Here was his chance. He darted across the open space between himself and the kitchen, peeped in at the open door, and seeing that the room was empty slipped inside. From the upper floor came the voices of children. There was no time to waste. Frank knew nothing about the room except that it was large, that a pot was on the fire, and that some flat loaves of bread, recently baked, stood in a row upon a slab of stone beside the oven. Without a moment's hesitation he began to cram these into the capacious pockets of his military great-coat, and was on the point of taking out some money to replace them on the slab when he heard the woman returning, grumbling audibly at the geese for the needless interruption of her cooking.

To escape by the door was impossible without being seen. The wooden steps in the corner invited him to the upper floor, but the children's voices repelled. There was no other door. He was caged. He was just making up his mind to brazen it out and trust to his ready wit in explaining his intrusion to the housewife when his eye fell on the long wide board, set against one wall and raised a few inches from the floor, which serves the humble Turk as a sleeping-place. On the impulse of the moment he tiptoed across the room, dropped to the floor, and was just able to wriggle under the board before the woman entered. For a moment he was doubtful whether, quick as he had been, the woman had not caught sight of the skirts of his coat, and he pressed himself against the wall in a fever of anxiety. But she clumped across the floor straight to her cooking pot, the sizzling of which mingled with her exclamations of annoyance. She stirred the pot, made up the fire, called to the children to go to sleep--and noticed that some of the loaves were gone.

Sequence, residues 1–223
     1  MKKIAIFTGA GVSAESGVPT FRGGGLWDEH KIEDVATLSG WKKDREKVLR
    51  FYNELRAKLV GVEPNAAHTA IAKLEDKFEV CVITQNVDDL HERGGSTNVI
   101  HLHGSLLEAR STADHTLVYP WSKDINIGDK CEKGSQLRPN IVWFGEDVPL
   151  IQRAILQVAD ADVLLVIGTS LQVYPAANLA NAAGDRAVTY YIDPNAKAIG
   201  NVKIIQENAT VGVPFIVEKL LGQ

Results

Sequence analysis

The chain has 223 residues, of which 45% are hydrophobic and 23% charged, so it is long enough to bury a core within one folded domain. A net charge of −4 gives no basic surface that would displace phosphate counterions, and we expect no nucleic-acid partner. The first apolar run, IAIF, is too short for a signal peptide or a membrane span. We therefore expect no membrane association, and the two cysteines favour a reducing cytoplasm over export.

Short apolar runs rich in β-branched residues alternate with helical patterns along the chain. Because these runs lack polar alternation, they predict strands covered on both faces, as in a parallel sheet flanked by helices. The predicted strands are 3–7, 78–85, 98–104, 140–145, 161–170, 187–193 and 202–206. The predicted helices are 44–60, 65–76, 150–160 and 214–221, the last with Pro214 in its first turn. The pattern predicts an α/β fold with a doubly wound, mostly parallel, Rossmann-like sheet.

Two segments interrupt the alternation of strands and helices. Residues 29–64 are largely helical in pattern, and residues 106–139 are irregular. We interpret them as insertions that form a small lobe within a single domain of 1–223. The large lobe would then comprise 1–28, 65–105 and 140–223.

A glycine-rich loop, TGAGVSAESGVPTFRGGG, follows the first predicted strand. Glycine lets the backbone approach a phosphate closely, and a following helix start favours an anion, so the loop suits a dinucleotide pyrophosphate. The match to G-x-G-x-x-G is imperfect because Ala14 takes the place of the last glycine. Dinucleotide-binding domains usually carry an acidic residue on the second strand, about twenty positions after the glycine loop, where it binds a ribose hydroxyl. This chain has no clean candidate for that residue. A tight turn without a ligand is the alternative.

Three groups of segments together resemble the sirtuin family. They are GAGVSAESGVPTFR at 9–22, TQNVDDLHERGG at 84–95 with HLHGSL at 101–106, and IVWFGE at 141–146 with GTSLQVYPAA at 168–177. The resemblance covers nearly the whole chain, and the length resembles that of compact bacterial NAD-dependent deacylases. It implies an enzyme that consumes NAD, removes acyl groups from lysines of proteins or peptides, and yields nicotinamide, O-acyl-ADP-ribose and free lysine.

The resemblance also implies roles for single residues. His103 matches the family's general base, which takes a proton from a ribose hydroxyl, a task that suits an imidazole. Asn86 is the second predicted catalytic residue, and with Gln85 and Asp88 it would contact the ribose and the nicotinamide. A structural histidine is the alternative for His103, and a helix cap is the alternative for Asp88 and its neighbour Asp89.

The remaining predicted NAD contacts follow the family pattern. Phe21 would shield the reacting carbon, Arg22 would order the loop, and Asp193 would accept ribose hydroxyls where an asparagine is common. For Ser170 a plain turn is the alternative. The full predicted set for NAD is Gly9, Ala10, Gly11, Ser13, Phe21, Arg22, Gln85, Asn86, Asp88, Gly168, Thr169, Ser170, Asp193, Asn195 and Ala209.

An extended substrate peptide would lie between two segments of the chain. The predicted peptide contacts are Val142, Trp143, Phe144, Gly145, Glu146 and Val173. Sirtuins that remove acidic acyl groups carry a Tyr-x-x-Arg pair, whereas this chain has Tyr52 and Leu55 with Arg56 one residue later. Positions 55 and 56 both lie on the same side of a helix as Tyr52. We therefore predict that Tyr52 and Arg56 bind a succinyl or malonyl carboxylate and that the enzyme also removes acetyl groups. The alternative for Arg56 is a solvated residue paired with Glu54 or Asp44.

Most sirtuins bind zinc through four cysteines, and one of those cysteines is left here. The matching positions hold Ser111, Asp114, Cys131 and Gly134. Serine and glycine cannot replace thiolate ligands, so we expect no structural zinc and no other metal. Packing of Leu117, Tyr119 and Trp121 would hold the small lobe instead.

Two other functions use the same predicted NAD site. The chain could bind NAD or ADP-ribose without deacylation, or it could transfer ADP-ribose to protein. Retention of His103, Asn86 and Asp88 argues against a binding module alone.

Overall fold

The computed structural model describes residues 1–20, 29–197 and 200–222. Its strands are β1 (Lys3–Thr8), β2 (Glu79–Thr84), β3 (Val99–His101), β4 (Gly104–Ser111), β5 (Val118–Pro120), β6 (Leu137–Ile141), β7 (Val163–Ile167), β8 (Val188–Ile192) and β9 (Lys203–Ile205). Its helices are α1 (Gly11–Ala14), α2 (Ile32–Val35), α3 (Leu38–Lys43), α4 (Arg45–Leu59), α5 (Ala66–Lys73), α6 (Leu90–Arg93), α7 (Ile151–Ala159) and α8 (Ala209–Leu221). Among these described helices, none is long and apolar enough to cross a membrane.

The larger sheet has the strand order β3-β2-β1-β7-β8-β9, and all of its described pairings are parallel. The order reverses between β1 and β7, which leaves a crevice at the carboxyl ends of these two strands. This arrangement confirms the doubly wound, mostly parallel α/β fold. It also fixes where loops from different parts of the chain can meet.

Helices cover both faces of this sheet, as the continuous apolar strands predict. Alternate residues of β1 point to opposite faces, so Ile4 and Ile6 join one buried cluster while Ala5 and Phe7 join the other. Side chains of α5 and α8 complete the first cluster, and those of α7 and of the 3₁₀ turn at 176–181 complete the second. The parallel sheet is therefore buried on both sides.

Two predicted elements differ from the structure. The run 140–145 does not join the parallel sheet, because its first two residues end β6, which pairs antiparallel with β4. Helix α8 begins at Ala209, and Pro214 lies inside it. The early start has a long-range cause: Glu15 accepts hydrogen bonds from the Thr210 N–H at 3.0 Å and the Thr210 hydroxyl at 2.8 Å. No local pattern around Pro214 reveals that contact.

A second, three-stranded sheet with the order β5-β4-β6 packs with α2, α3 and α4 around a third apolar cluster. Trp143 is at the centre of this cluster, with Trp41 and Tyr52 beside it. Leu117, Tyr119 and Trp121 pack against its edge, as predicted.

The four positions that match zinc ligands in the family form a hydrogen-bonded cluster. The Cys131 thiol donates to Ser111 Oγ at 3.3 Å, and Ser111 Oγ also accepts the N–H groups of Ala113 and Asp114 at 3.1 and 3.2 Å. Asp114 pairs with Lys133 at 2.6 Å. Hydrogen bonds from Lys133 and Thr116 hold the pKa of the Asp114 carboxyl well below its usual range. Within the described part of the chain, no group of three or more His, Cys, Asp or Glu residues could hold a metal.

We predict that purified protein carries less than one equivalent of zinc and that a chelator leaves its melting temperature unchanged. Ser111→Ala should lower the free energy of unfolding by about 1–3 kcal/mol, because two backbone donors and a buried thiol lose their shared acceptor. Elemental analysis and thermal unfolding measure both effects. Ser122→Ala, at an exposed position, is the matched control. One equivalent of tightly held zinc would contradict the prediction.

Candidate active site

"You limbs of Shaitan!" she called up the stairs. "Bring down those loaves. Gluttons you are. Did I not give you a supper fit for princes? Bring down the loaves, I say."

Shrill voices answered her. A boy came half-way down the steps and protested that neither he nor his brothers or sisters had left their room above.

"Wallahy! are there evil djinni abroad?" exclaimed the woman. "Get you to bed. Allah preserve us! What will the man say when he returns?"

She went to the door and looked out for her husband; it was time for him to come for his evening meal. Frank already regretted his hasty action. If only the woman would go out! If only she had not believed her small son, but had gone upstairs to prove him! Apparently he was a truth-teller. Frank felt himself condemned to a long and wearisome detention. The farmer would return; he would eat his supper; then rugs would be spread on the board, and the good people would sleep there. How in the world was he to get away without disturbing them? Meanwhile he could at least eat some of the bread which the woman supposed had been spirited away.

The woman came back to her cooking. Frank's nose was tantalised by the savoury smell of the ragout simmering in the pot. It was growing dusk, and the woman lighted a small oil-lamp, then sat down on the board, muttering incantations against evil spirits. Presently footsteps and voices were heard from outside. The woman rose hastily to her feet and went to the door. A man's voice said a few words, which Frank could not catch. The woman responded with exclamations of surprise and annoyance. Then they came into the room, followed by several pairs of legs. Frank started and shrank more closely against the wall. In the dim light on the floor beyond his hiding-place he saw military boots. There were still loud voices outside. He heard the farmer speaking.